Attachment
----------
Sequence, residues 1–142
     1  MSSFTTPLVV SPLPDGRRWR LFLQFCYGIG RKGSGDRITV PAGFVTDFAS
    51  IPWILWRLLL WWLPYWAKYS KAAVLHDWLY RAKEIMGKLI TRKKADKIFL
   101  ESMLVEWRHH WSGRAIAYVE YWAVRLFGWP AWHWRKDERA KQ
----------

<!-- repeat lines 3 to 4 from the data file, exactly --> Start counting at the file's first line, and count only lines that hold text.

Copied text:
    51  IPWILWRLLL WWLPYWAKYS KAAVLHDWLY RAKEIMGKLI TRKKADKIFL
   101  ESMLVEWRHH WSGRAIAYVE YWAVRLFGWP AWHWRKDERA KQ